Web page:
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About Cindy Potvin

Cindy is a programmer with over 5 years of experience developing web applications. She also works on Android applications and share her knowledge via her blog and on Twitter.

Choosing a JavaScript framework for my side project

I started looking at JavaScript frameworks to see if I could find something interesting for my event scheduling project. I’m looking to use them to help me show the schedule itself: when a session of an event is modified, it must be updated in two places on the page since the list of sessions for a room is collapsible. I already took a look at SignalR and I will most likely use it to notify the other clients that the schedule has changed, but I wanted to see if there are other tools that could help me update the display of the schedule.

First, I looked at Angular.js, since it’s one of the most popular framework. I ended up not testing this one at all: there is a version 2.0 coming up that is not going to be compatible with the current version, which made a lot of noise in the Angular community. Since the time I have to work on this is limited, I don’t want to write everything in a version that will most likely be dropped in a year or two. I don’t see the advantage in learning how to use it now only to have to start over in a year or two. So, for maintainability reasons, Angular.js is out.

After this, I turned to Backbone.js, another framework that enjoys a great deal of popularity. That one was also ruled out pretty fast, since it enforces a RESTful API, which is not what I’m looking for in a JavaScript framework. I would rather rely on the server knowing what is the right business logic and not the JavaScript: for example, if I want to offer a command to move a session 15 minutes earlier, I’d rather just tell my server via a WebAPI to MoveLater or MoveEarlier, let it enforce all the business logic and just show the results. I’m not looking to redeclare on the client all the model logic that lives on the server, and it cannot be on the client only since you never know what can happen on the client. This is too much of a commitment to the Backbone.js architecture to synchronize a few refreshes only, so it is out too.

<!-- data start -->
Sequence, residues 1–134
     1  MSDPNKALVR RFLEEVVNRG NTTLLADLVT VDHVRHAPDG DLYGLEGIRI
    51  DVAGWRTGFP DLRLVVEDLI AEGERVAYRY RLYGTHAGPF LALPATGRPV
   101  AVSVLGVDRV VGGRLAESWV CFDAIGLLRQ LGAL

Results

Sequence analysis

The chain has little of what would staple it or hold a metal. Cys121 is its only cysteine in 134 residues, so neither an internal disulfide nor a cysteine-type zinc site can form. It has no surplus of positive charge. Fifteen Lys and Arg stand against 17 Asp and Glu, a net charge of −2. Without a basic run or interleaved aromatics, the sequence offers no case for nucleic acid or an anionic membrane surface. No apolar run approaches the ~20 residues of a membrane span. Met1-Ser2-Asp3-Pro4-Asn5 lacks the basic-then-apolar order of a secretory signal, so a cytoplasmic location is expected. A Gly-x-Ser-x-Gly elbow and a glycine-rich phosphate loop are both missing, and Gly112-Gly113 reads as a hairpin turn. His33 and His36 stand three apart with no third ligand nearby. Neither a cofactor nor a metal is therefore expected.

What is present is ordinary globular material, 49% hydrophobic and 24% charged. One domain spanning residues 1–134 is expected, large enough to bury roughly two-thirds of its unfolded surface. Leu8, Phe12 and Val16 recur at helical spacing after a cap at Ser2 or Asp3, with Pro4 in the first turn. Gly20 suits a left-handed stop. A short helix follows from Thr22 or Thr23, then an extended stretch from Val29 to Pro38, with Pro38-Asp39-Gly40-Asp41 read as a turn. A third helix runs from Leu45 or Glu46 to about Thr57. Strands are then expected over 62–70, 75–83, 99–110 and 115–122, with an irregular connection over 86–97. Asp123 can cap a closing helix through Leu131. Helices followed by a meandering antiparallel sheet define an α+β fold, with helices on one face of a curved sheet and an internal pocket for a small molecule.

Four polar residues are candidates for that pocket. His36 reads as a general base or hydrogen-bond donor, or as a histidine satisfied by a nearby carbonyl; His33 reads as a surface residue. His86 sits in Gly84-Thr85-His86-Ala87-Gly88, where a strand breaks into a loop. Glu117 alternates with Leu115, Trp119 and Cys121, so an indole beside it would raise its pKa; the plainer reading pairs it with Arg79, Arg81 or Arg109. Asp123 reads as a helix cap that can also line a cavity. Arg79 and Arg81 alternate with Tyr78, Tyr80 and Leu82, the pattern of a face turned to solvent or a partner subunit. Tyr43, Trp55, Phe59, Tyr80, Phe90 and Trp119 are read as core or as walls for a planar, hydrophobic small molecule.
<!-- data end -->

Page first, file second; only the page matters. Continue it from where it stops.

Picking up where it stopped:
I was beginning to feel like the Grinch after rejecting the goodness of all those frameworks, but I decided to give it one last try and find a framework that I could at least test in my prototype. I settled on trying Knockout.js, a small framework with no dependencies. It’s really more of a toolbox to create dynamic UI in JavaScript than a full framework, and it doesn’t need to take over the whole page. Also, older browsers are supported, the documentation is great and the features are pretty stable with no plan for a rewrite on the horizon.

I did the whole interactive tutorial on the Knockout.js site and it convinced me that this library is something I could use. I can create a ViewModel representing the parts of the page I want to update only, and keep the rest of the code simpler for the parts that don’t need to be refreshed. It also integrates nicely with existing markup: I only need to tag the markup that needs to be updated with Knockout.js with a data-bind attribute describing what the library needs to do. So, for more complex views that need to be refreshed like the schedule, I’ll use SignalR to get notifications that the data has been refreshed and Knockout.js to handle refreshing the UI.

Also, I won’t be using it those two libraries everywhere: for simple page like forms to create an event or a session, I’ll use only jQuery, a library for standard controls and some small libraries to solve focused problems. For example, I’m going to use Moment.js to handle times in my application since it’s an important part of the schedule and times are such a mess in JavaScript.

Reference: JavaScript from our WCG partner Cindy Potvin at the Web, Mobile and Android Programming blog.

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